Former Fox News host Tucker Carlson has interviewed Russian President Vladimir Putin in Moscow, the Kremlin says.
Carlson said earlier on X he wanted to do the interview because "Americans have a right to know all they can about a war they are implicated in".
It's Mr Putin's first one-on-one interview with a Western journalist since the full-scale war in Ukraine.
The interview will be broadcast at 18:00 EST (23:00 GMT) on Thursday, Carlson announced.
He said it would air on his website, tuckercarlson.com. He had initially promised to upload the interview live and unedited to his X account. Elon Musk, who owns the platform, had "promised not to suppress or block the interview".
Kremlin spokesman Dmitry Peskov said the meeting had been recorded on Tuesday.
Ukraine's deputy defence minister Hanna Maliar said: "The only interview that is safe in this situation is the interrogation in The Hague."
Her remark referred to an arrest warrant issued by the International Criminal Court (ICC), accusing Vladimir Putin of war crimes and the unlawful deportation of children from Ukraine to Russia.
Tucker Carlson's visit to Moscow has been reported on voraciously in Russian state media, with near-constant coverage of his every move.
"There are risks to doing an interview like this, obviously, so we've thought about it over many months," Carlson said on his announcement video.
Carlson added that he had paid for the trip to Russia himself, and wanted to do the interview because "most Americans are not informed" on the conflict which is "reshaping the world" - blaming the mainstream media.
Since the war in Ukraine began, he said, Western journalists had interviewed Ukraine's President Volodymyr Zelensky - whom he has previously called a "dictator" - many times.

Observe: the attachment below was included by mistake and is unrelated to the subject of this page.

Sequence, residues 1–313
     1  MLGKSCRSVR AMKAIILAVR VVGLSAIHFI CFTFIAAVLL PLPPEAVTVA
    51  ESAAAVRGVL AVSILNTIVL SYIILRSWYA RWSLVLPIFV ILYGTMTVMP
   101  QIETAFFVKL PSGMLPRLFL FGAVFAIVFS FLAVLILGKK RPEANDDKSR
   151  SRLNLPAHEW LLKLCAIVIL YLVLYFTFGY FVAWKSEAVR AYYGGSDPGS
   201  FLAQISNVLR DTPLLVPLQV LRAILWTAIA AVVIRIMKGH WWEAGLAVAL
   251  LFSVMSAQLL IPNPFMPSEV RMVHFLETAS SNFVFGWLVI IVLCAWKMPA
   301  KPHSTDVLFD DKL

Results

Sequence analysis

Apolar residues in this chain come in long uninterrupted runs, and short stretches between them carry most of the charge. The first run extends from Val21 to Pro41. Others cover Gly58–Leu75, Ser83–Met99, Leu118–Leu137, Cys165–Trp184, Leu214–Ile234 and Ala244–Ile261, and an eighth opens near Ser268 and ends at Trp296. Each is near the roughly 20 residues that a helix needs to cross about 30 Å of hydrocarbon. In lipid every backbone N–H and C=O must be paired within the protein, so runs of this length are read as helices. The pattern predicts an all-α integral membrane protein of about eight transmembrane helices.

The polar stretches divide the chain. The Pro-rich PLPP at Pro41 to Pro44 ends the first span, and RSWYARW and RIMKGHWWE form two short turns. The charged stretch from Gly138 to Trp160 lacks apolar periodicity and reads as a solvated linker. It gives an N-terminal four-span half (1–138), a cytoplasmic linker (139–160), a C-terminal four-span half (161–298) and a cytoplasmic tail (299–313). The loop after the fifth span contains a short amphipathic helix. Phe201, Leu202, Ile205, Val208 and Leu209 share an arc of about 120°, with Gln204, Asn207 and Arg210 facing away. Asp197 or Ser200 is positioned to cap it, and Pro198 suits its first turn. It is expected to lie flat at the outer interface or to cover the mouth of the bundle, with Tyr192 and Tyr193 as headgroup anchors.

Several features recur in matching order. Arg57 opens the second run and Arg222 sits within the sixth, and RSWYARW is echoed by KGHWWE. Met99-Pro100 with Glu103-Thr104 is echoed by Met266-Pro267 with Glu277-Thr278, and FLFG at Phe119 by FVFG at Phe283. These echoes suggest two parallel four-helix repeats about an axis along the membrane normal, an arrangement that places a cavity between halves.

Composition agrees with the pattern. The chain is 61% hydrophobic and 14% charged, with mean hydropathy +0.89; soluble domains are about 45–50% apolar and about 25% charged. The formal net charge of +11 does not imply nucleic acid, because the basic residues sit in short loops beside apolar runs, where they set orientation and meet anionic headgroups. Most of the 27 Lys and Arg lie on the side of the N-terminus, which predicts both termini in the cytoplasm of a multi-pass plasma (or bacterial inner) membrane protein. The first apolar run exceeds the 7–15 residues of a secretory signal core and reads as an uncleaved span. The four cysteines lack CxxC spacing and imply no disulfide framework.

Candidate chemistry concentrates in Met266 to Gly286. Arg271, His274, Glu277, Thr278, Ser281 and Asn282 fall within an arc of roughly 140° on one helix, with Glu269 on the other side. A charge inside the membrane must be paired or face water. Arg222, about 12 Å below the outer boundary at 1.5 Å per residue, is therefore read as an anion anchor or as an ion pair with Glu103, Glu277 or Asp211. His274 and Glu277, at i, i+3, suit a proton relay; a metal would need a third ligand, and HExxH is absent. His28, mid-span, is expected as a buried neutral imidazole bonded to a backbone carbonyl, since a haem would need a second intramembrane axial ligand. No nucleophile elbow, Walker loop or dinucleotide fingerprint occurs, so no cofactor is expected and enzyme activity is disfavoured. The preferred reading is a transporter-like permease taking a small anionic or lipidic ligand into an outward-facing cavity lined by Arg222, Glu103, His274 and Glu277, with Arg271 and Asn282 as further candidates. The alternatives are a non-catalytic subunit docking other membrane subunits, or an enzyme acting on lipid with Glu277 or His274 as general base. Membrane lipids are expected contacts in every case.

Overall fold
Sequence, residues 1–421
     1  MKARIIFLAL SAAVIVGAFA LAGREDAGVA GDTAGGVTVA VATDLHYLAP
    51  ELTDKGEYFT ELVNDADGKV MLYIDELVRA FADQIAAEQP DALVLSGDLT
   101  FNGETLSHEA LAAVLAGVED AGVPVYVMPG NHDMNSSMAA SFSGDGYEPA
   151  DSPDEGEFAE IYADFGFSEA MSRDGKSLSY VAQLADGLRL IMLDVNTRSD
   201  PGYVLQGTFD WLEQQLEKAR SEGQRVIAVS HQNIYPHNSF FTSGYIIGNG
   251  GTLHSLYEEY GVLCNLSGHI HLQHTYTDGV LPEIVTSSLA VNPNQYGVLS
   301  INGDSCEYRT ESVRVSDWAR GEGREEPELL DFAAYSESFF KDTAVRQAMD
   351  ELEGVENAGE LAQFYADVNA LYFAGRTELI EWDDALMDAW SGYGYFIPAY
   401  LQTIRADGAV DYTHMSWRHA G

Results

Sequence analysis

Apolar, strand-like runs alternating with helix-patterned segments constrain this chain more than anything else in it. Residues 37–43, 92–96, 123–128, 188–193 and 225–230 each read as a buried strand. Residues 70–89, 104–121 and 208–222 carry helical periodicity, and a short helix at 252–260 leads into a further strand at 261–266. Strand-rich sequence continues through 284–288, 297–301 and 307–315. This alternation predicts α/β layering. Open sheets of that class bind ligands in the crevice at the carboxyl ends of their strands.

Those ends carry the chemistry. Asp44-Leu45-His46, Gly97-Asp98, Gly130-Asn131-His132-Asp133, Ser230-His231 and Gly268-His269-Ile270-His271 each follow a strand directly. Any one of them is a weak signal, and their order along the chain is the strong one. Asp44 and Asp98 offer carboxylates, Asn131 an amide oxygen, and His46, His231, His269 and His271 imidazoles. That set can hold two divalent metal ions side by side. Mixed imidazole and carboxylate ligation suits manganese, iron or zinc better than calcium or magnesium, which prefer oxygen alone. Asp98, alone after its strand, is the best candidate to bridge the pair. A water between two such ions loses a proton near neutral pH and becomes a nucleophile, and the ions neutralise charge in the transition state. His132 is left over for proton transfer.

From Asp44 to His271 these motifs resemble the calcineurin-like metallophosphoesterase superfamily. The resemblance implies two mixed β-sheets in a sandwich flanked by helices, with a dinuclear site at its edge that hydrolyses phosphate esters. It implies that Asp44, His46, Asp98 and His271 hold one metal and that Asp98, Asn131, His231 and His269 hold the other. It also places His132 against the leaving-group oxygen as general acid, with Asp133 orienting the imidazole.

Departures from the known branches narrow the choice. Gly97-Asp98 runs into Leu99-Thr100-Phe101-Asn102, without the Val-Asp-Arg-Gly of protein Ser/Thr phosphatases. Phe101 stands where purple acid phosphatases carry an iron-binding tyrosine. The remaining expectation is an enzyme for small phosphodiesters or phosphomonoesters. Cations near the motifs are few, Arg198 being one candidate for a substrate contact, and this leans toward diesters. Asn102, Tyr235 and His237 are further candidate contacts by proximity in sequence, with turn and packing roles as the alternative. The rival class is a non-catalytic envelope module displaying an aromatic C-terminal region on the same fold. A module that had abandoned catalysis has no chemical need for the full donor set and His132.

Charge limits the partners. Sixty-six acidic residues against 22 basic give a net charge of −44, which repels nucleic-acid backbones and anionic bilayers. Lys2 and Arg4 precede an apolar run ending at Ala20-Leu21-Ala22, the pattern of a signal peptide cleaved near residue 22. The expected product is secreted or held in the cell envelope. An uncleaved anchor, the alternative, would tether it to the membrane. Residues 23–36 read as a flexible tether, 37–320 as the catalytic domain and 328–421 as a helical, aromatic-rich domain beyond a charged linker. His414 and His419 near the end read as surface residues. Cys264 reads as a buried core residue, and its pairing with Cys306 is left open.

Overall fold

But they were "fawning pep sessions" aimed at amplifying Mr Zelensky's demand to get the US more and more involved in the war, Carlson insisted. "That is not journalism - it is government propaganda."
Meanwhile, "not a single Western journalist has bothered to interview" Vladimir Putin, Carlson said.
Steve Rosenberg, the BBC's Russia Editor, posted that the BBC has "lodged several requests with the Kremlin in the last 18 months. Always a 'no' for us".
The FT's Moscow bureau chief, Max Seddon, said it was quite something to complain that not enough American journalists were reporting on the Russian side of the invasion, when two American journalists were "in jail right now for doing just that". The Wall Street Journal's Evan Gershkovich and Alsu Kurmasheva of Radio Free Europe have both been held in pre-trial detention since last year.
Russian journalist Yevgenia Albats pointed out that she and hundreds of her colleagues had had to go into exile to keep reporting on the war, while Carlson was "shooting from the $1,000 Ritz suite in Moscow".
Russian journalists are under extreme reporting restrictions - local media are banned from calling it a "war": it is meant to be called a "special military operation".
Russia's full-scale invasion of Ukraine has devastated the country and its people.
The United Nations has said that Russian forces are responsible for rapes, "widespread" torture and killings in Ukraine.
Russia has also annexed four more regions of Ukraine, after its illegal takeover of Crimea in 2014.
Tucker Carlson has been an outspoken defender of Mr Putin since the war began. Just before Russia's invasion, he claimed that "hating Putin has become the central purpose of America's foreign policy", but urged his viewers to ask themselves why.
"Has Putin ever called me a racist? Has he threatened to get me fired for disagreeing with him?" Carlson said as Russian troops started to mass on Ukraine's border. "These are fair questions, and the answer to all of them is: No. Vladimir Putin didn't do any of that."
After Russia had invaded, he changed his tone slightly during a different show, saying "Vladimir Putin started this war... He is to blame for what we're seeing tonight in Ukraine".
Tucker Carlson was one of America's top-rated cable TV hosts - but he abruptly left Fox News last year.
While at the US network, his shows frequently set the agenda for conservatives and, by extension, the Republican party.
He was hugely influential as the anchor of a primetime political talk show between 2016 and 2023 and has since launched a show on X.